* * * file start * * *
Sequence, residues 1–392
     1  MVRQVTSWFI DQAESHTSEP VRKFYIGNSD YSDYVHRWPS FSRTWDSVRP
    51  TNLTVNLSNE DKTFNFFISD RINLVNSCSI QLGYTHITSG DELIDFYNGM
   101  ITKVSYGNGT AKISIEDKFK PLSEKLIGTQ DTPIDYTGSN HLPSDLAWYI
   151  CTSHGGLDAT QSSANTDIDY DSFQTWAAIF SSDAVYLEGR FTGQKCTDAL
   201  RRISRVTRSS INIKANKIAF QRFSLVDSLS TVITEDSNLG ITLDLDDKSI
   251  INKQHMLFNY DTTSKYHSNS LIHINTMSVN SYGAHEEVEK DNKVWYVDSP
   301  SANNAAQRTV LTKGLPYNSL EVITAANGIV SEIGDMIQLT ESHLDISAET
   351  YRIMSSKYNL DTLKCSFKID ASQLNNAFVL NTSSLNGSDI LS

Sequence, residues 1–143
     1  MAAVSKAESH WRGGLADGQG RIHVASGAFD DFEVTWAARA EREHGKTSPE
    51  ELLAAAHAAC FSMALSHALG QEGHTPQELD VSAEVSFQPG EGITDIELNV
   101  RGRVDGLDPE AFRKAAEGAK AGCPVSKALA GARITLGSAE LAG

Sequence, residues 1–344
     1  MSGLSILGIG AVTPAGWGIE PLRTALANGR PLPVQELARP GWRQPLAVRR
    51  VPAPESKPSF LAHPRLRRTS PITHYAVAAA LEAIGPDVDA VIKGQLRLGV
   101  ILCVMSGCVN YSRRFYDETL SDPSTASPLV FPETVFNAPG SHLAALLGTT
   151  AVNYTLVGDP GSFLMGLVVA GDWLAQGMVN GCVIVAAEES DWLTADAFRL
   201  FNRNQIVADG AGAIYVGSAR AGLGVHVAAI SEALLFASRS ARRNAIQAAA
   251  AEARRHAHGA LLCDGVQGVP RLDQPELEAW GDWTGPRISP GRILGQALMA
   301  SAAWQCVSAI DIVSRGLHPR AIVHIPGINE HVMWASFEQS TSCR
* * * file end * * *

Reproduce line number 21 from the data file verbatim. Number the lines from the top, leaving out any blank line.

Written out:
   301  SAAWQCVSAI DIVSRGLHPR AIVHIPGINE HVMWASFEQS TSCR